Ramsay’s final-day salvo contained seven birdies. It helped put a smile back on his face after being in despair following his last outing, a missed cut in the Open Championship. “I’m pleased with that and I feel very good about my game again,” admitted the Aberdonian.
Montgomerie felt exactly the same after the eight-time European No 1 produced two of his best back-to-back rounds for some time. He birdied the 14th, 15th and 16th and reckoned he could have done likewise at the 17th and 18th. “I don’t know how my putts missed at those holes,” he said. “But, after losing heart in terms of winning again, this performance has proved I can win again.”
Whiteford and Lee both boosted their hopes of retaining spots at the top table for next season by finishing on nine-under and eight-under respectively. Whiteford, who came into the event lying 113th in the Race to Dubai, also gave a good account of himself in the Scottish Open, finishing eighth at Castle Stuart.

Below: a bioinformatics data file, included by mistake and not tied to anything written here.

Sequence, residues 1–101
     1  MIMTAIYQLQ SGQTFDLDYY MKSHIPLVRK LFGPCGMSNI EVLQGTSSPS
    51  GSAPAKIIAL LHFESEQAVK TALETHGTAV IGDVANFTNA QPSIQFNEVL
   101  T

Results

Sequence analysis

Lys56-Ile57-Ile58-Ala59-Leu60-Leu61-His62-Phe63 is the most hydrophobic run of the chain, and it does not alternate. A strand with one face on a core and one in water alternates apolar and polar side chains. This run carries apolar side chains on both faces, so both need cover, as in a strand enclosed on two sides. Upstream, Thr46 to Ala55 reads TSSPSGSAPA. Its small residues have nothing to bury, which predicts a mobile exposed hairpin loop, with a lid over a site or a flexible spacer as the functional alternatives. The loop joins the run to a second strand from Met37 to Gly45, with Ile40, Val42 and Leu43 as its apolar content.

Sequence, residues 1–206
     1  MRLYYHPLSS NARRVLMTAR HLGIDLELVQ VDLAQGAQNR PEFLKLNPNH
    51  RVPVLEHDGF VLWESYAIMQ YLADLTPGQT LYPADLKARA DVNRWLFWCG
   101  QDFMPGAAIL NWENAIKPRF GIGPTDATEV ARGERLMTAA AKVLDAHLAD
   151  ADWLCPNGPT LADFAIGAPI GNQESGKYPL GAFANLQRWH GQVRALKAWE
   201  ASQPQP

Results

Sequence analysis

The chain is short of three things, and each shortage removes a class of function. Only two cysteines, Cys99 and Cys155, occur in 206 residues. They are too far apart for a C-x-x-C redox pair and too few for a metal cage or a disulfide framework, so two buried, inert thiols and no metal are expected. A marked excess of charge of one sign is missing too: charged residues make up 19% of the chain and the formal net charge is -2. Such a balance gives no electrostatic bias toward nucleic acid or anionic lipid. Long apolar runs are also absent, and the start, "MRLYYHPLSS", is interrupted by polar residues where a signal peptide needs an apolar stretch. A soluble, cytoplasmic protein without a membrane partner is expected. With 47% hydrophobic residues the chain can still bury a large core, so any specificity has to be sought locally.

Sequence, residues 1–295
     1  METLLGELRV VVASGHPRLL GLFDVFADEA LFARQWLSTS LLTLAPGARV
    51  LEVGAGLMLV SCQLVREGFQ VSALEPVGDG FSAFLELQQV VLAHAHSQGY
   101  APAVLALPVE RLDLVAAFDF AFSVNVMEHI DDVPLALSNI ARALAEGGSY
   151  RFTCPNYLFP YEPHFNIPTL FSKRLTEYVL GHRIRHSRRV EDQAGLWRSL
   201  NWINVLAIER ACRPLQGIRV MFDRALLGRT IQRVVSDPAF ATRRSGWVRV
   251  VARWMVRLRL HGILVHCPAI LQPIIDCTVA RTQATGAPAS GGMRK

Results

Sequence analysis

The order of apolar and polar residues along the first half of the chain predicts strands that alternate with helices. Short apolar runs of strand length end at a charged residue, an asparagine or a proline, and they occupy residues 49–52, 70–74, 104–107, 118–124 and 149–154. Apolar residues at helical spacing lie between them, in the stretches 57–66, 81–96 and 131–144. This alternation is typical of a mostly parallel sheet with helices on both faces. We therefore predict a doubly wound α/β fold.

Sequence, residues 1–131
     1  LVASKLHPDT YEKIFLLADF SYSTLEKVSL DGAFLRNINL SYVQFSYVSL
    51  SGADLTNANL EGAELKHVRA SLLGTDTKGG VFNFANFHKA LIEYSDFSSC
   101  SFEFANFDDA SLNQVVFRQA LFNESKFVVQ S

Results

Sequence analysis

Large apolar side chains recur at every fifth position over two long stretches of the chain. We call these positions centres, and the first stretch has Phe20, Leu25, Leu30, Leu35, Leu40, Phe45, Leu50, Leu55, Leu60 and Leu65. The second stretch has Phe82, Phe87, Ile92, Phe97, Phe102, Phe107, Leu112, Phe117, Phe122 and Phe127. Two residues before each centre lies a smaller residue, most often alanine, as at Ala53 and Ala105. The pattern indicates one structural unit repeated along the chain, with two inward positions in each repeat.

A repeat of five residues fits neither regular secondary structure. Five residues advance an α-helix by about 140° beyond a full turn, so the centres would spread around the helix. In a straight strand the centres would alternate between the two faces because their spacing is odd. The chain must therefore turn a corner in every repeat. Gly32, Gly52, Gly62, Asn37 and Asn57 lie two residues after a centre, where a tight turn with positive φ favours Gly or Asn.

“This week has been the best I’ve driven it this season,” said the Fifer, pointing to a return to an old driver a few weeks back having paid dividends, as has some work he’s been putting in with his coach, Donald McKay, on his swing. “Instead of going into tournaments with apprehension, I’m looking forward to them again,” he added.
Lee, who started the event lying two places below his compatriot, was also pleased with his week’s work. Unlike Whiteford, however, the Stirling player could soon find himself running out of tournaments in his bid to finish in the all-important top 115 due to his ranking from last season’s Challenge Tour. As things stand, he is only likely to get into the KLM Open, the Italian Open, the Perth International and the SA Open between now and the end of the year.
“It’s been a tough season,” said Lee of his stop-start campaign, which has partly been caused by the Tour losing five tournaments. “But every time I’ve been up there in an event I’ve managed to pull it off and my game is in good shape.”
All in all, this was one of Scottish golf’s most rewarding days for some time.
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Weather for Edinburgh
Saturday 18 May 2013
Temperature: 8 C to 12 C
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Temperature: 9 C to 17 C